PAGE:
REVIEW: Company Danzante presents “On This Road” at Atlas Intersections Festival

REVIEW: Company Danzante presents On This Road at Atlas Intersections Festival
by Michelle Hayes

Company Danzante presented On This Road to the first weekend of the Atlas Intersections Festival. The evening brought together four individual voices sharing relatable emotional experiences. The four choreographers, Arturo Garcia, Katherine Horrigan, Karen Reedy, and Marcus Willis, created their works out of reflection on the world and emotions they have recently been experiencing personally. During the talk back with the audience, Katherine Horrigan talked about four individual voices coming together and the realization that their emotions and experiences were more alike than they thought.

The first piece, Fly, choreographed by Artistic Director Arturo Garcia, created an image of the ocean as the sound of waves echoed in the theater. The movements supported this image as the six dancers weaved in and out of each other on a diagonal path. There was an back and forth feeling in the traveling movements and arm gestures. Much of the phrase work had a rhythm of quick-quick-slow. The dancers would move quickly for two movements and suspend the third. There was a shape that resembled the arch of a seagull’s wings which became a movement motif throughout the piece. The performance quality of the physicality of movement was high but lacked in the dancers focus, which was often down towards the floor.

There was a costume change toward the end of the short piece that confused me. The first costumes were simple – black fitted outfits that showed the dancers lines clearly and beautifully. At the end, two dancers had added a loose button up shirt and a black safari hat. By this time, the movement had become more swishy but I was unsure what caused the changes. The content of the inspiration for the piece was unclear for me. The piece was enjoyable to watch through strong technique and the use of choreographic tools – canons, repetition, level changes, and partnering.

The Situation Room by guest choreographer Marcus Jarrell Willis was a nice contrast from the unison and sweet melancholy of the first piece. Four chairs with a dancer on each were lined on the front of the stage, and the dancers stared straight at the audience with attitude and a sense of heaviness in their chair.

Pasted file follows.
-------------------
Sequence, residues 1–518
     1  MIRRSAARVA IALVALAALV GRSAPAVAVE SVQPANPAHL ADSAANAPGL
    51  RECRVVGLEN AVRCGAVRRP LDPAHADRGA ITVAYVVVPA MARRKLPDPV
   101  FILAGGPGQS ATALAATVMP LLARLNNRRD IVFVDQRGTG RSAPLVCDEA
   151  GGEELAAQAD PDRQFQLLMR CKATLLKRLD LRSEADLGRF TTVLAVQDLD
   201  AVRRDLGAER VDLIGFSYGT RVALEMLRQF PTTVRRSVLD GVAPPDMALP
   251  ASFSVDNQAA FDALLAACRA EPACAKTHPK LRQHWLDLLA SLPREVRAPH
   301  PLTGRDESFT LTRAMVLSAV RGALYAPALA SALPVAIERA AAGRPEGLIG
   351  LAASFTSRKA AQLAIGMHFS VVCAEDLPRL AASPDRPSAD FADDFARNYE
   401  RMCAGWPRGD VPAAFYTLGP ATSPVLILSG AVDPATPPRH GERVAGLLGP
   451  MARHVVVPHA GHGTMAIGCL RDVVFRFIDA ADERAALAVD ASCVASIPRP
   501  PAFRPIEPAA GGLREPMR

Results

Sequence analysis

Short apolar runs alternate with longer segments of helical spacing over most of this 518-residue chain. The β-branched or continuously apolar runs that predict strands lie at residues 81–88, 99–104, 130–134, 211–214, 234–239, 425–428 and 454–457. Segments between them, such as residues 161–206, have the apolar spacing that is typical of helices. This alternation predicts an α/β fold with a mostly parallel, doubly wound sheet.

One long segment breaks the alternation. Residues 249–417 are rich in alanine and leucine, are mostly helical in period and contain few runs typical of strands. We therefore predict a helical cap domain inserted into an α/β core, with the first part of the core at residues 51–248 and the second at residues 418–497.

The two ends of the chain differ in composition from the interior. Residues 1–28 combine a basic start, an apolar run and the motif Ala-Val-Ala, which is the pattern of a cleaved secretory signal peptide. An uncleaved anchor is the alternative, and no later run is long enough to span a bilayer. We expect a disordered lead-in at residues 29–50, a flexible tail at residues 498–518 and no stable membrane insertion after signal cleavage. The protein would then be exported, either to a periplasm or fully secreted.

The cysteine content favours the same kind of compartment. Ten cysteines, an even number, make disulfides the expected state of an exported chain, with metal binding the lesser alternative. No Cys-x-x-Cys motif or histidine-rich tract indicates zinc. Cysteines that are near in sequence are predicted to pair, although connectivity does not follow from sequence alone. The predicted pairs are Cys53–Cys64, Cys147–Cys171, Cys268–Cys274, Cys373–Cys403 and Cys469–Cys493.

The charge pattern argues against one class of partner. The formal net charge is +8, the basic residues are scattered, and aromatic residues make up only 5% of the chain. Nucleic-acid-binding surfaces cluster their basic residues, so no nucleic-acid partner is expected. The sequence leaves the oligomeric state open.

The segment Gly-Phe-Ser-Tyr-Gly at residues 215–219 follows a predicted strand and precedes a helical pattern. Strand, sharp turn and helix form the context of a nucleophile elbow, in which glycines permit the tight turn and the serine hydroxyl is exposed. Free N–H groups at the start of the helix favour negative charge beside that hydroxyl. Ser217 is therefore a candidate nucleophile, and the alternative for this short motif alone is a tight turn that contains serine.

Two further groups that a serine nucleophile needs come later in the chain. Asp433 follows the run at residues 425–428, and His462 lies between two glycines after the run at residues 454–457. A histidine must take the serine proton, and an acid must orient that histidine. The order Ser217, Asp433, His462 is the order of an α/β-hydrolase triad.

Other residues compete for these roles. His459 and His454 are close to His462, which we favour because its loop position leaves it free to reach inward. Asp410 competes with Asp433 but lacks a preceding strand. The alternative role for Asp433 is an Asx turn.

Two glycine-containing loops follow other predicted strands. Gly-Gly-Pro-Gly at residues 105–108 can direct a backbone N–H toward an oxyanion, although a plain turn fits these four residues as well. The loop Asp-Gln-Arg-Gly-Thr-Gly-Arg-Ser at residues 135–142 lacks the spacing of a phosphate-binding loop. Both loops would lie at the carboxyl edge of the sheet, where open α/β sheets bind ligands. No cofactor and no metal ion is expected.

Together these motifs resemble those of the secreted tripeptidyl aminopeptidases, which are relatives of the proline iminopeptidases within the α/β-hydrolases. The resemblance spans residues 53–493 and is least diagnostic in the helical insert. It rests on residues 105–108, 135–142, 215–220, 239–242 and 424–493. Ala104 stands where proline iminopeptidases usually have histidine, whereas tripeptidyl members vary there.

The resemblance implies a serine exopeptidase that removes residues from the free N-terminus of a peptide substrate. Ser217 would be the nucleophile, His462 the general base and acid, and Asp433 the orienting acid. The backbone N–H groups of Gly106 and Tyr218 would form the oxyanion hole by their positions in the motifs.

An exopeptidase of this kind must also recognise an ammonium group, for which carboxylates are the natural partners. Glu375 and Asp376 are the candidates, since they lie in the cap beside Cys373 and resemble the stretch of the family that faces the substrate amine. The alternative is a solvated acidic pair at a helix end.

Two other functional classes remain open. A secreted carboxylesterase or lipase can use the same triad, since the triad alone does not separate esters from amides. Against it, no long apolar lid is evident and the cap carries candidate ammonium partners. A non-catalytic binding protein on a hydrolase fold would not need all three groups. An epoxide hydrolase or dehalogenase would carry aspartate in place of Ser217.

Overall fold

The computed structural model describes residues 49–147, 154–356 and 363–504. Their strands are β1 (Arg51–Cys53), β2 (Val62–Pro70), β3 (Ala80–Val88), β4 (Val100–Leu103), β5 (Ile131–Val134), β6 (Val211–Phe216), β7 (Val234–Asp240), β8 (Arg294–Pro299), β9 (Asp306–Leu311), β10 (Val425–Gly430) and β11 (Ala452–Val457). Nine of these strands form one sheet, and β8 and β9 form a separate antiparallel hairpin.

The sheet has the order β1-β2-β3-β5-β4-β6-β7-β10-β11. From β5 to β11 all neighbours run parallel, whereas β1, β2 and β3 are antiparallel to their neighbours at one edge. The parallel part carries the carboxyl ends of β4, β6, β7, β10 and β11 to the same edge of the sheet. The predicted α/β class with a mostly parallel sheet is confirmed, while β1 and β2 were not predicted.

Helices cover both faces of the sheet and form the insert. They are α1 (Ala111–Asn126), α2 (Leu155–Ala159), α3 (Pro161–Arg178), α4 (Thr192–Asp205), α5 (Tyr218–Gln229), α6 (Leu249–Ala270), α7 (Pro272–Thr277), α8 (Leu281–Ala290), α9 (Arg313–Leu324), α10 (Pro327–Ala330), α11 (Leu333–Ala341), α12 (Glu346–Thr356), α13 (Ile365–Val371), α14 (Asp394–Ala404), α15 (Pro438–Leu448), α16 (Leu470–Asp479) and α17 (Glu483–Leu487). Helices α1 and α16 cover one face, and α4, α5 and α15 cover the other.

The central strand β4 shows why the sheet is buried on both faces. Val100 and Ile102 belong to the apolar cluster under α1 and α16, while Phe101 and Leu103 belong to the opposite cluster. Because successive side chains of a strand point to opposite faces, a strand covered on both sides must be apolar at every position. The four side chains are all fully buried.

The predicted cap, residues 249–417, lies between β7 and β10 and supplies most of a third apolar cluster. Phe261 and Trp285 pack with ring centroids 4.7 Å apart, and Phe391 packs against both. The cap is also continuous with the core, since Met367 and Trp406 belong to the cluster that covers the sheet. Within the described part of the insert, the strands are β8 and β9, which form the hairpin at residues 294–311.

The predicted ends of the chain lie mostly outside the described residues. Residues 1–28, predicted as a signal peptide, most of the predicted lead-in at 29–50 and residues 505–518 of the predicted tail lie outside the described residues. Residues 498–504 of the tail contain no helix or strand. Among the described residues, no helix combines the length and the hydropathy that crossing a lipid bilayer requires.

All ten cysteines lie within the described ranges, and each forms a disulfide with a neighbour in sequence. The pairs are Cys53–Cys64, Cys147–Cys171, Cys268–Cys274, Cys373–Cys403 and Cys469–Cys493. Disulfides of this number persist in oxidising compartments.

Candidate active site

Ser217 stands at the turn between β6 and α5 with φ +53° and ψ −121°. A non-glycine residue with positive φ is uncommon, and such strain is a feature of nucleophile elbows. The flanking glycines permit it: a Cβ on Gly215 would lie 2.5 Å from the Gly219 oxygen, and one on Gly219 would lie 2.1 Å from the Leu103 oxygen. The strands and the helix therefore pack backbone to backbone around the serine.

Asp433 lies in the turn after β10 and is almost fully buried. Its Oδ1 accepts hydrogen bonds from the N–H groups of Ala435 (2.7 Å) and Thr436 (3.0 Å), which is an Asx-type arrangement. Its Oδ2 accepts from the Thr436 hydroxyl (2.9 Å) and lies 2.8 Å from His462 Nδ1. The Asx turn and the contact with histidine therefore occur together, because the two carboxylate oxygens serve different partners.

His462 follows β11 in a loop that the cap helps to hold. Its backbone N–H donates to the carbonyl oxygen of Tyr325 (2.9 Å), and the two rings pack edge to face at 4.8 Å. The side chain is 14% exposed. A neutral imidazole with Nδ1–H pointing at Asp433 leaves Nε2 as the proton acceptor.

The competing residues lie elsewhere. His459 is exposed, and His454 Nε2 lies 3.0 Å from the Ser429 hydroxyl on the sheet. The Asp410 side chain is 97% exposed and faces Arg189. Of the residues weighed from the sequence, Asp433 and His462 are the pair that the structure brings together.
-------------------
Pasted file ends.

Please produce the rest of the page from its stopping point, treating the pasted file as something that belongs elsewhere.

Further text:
They began in unison, articulating specific body parts in quick and simple motions. Ticks like a foot tapping to the side or a the head quickly shifting were commonly used throughout the piece. The movements were often to the beat of the march-like music. As the piece progressed, it became clear that the dancers were in dialogue with each other and didn’t always agree with what was being said. There was a sense of aggression and haste as they moved around their chairs and through the space. About midway into the piece, they moved to sit around a table that was at center stage. This gave me the image of a debate, and movement became more forceful and aggressive through stomps, facial expressions, and arm sweeps across the table. They all wanted their voice heard and appreciated.

Without Words, choreographed by Artistic Director Katherine Horrigan, seemed very similar to the first piece in regards to movement and structure but showed more emotion and struggle. The piece started with a beautiful solo, which was the most memorable part. The dancer seemed to move through molasses as if there was some internal struggle she was working through. The movement throughout the piece was weighted and used deep plies and shifting of weight. It was unclear what the relationships between the dancers were until the end when the dancers reprised a phrase from the beginning in close proximity to each other. The piece had started with the dancers being individuals separate from each other and ended together as a group. They needed each other in the time of struggle and could be stronger together. The struggle was seen through gestural movements like grabbing one’s head, a rocking back and forth, or a distinct gaze over the shoulder.

The premiere of guest choreographer Karen Reedy’s From the Shadows took me on a journey. It began with a dark empty stage as a light grew from down stage left. The light carried this heavy, creeping effect as it quickly went away and four dancers entered the stage in a line so we only saw the face of the front dancer. The feeling of creeping in the shadows was continued as the dancers behind moved linearly so we could see their feet and arms only. I noticed there was more variation in movement in this piece and less unison, which drew me into the world the dance was creating and the emotions behind it.

The dancers directed their eye contact in the direction they were traveling. One movement that was memorable to me was a backwards twisting spiral which was repeated in different ways over the course of the piece. Each dancer put their own emotion and feeling to the movement. I could see they were actually feeling this sense of unknown and that they felt their might be something creeping behind them. The piece ended with the group deciding they were going to go in the direction of where the shadow came from to investigate it more. They had moved past their fear and were tackling it together.

The topics and emotions expressed in the choreography felt reflective of the world and struggles we are facing in this world today. The exact story the dancers were telling was not always clear, but I was able to relate to struggle, aggression, joy of dancing, and commitment to working together. Throughout all four pieces there was strength and vulnerability in the precision of movement. Art must be a reflection of the world around us, past and present, and Company Danzante created a show that reflected our world accurately in this moment.